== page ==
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Treatment Management For Laryngeal Cancer Depends on sites and stages of cancer. Early malignancy may be removed endoscopically. Early lesions may respond to laser surgery or radiation therapy; advanced lesions to laser surgery, radiation therapy, and chemotherapy. Treatment aims to eliminate cancer and preserve speech. If speech preservation isn’t possible, speech rehabilitation may include esophageal speech or prosthetic devices. Other surgical procedures vary with tumor size and include cordectomy, partial or total laryngectomy, Supraglottic laryngectomy, and total laryngectomy with laryngoplasty.

Risk Factors for Laryngeal Cancer

  • Carcinogens: Tobacco (smoke, smokeless), Combined effects of alcohol and tobacco, Asbestos, Second-hand smoke, Paint fumes, Wood dust, Cement dust, Chemicals, Tar products, Mustard gas, Leather and metals.
  • Other Factors: Straining the voice, chronic laryngitis, Nutritional deficiencies (riboflavin), History of alcohol abuse
  • Familial predisposition, Age (higher incidence after 60 years of age), Gender (more common in men), Race (more prevalent in African Americans), weakened immune system.

Clinical Manifestations for Laryngeal Cancer

Varied assessment findings in laryngeal cancer Depend on tumor location and its stage; sequence in appearance related to pattern and extent of tumor growth.

Supraglottic Cancer:

  • Tickling sensation in throat
  • Dryness and fullness (lump) in throat
  • Painful swallowing (odynophagia) associated with invasion of extra laryngeal musculature
  • Coughing on swallowing
  • Pain radiating to ear (late symptom)

Glottic Cancer (Cancer of the Vocal Cord):

  • Most common cancer of the larynx
  • Hoarseness or voice change
  • Aphonia (loss of voice)
  • Dyspnea
  • Pain (in later stages)

Subglottic Cancer (Uncommon):

  • Coughing
  • Short periods of difficulty in breathing
  • Hemoptysis; fetid odor, which results from ulceration and disintegration of tumor

With stage I disease Hoarseness of more than 2 weeks’ duration is noted early in the patient with cancer in the glottic area because the tumor impedes the action of the vocal cords during speech. The voice may sound harsh, raspy, and lower in pitch. Affected voice sounds are not early signs of subglottic or supraglottic cancer.

In stages II and III, he usually reports hoarseness. He may also have a sore throat that does not go away, and his voice volume may be reduced to a whisper and pain and burning in the throat, especially when consuming hot liquids or citrus juices. A lump may be felt in the neck.

Later symptoms In stage IV typically reports pain radiating to his ear dysphagia, dyspnea (difficulty breathing), unilateral nasal obstruction or discharge, persistent hoarseness, persistent ulceration, and foul breath. Cervical lymph adenopathy, unplanned weight loss, a general debilitated state, and pain radiating to the ear may occur with metastasis. palpation may detect a neck mass or enlarged cervical lymph nodes.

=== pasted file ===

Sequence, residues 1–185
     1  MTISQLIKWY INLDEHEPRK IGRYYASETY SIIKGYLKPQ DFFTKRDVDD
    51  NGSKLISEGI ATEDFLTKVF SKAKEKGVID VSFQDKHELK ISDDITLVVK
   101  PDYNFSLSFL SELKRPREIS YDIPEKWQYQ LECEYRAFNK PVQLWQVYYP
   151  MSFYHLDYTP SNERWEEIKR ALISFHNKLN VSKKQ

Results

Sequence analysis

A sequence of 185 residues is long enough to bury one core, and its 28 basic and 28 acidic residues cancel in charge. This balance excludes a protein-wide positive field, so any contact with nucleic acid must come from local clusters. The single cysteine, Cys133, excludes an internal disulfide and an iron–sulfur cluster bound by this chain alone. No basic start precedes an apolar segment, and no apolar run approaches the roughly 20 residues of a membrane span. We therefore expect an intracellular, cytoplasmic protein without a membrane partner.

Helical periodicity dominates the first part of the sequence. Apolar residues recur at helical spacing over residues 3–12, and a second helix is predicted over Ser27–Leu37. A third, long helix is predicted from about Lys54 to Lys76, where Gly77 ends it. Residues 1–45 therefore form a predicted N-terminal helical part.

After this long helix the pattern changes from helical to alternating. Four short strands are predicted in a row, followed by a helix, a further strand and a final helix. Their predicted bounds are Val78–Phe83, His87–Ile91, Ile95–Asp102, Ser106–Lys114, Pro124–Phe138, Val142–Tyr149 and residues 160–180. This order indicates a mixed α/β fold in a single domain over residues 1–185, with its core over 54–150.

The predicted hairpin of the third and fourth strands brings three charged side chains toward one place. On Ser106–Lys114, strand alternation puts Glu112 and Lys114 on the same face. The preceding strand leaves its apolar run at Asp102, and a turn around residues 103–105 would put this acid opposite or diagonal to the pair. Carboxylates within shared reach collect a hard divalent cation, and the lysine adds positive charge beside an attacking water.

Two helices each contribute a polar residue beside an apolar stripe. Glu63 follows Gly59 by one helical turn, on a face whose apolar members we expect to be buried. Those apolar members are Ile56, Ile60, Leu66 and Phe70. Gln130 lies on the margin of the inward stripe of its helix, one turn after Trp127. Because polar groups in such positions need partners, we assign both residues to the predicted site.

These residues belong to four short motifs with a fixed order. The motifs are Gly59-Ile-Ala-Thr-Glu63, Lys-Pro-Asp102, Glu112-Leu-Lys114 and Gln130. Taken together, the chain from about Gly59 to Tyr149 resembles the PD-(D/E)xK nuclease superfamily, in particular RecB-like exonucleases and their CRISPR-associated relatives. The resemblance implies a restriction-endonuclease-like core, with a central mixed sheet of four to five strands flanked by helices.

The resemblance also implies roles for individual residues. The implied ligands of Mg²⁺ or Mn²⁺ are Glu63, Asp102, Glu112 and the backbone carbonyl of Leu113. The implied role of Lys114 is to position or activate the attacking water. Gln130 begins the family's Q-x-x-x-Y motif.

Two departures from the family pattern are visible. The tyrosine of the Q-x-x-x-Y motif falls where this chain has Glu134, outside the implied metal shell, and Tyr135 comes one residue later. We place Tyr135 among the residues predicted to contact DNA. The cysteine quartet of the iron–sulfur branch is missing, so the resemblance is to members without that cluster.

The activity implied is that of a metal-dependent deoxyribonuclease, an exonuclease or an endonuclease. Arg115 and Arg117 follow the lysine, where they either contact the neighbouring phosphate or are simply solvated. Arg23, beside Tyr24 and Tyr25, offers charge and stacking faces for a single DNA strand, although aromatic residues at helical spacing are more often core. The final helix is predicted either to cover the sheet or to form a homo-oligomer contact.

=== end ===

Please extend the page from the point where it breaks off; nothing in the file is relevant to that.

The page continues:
Treatment Management For Laryngeal Cancer

Radiation therapy:

  • Singly or in combination with surgery.
  • Complications of radiation including airway obstruction, edema of larynx, soft tissue and cartilage necrosis, chondritis, pain, and loss of taste (xerostomia).

Surgery therapy:

  • Carbon dioxide laser for early-stage disease.
  • Partial laryngectomy removal of small lesion on true cord, along with a substantial margin of healthy tissue.
  • Supraglottic laryngectomy removal of hyoid bone, epiglottis, and false vocal cords, tracheostomy may be done to maintain adequate airway, radical neck dissection may be done.
  • Hemilaryngectomy removal of one true vocal cord, false cord, one half of thyroid cartilage, arytenoid cartilage.
  • Total laryngectomy removal of entire larynx (epiglottis, false or true cords, cricoid cartilage, hyoid bone; two or three tracheal rings are usually removed when there is extrinsic cancer of the larynx [extension beyond the vocal cords]). A radical neck dissection may also be done because of metastasis to cervical lymph nodes.
  • Total laryngectomy with laryngoplasty voice rehabilitation may be attempted through the Asai operation: A dermal tube is made from the upper end of the trachea into the hypo pharynx. The tracheostomy opening is closed off with a finger. The patient expires air up the dermal tube into the pharyngeal cavity. The sound produced is transformed into almost normal speech.

Complications of Surgery therapy

  • Salivary fistula may develop after any surgical procedure that involves entering the pharynx or esophagus. (Monitor for saliva collecting beneath the skin flaps or leaking through suture line or drain site. Management NG tube feeding, meticulous local wound care with frequent dressing changes, promotion of drainage)
  • Hemorrhage (carotid artery rupture) or hematoma formation. A major postoperative complication (e.g. skin necrosis or salivary fistula) usually precedes carotid artery rupture. Management immediate wound exploration in operating room.
  • Stomas stenosis.
  • Aspiration.
  • Long-term complications:  Chest infections (from repeated aspiration), Recurrence of cancer in stoma

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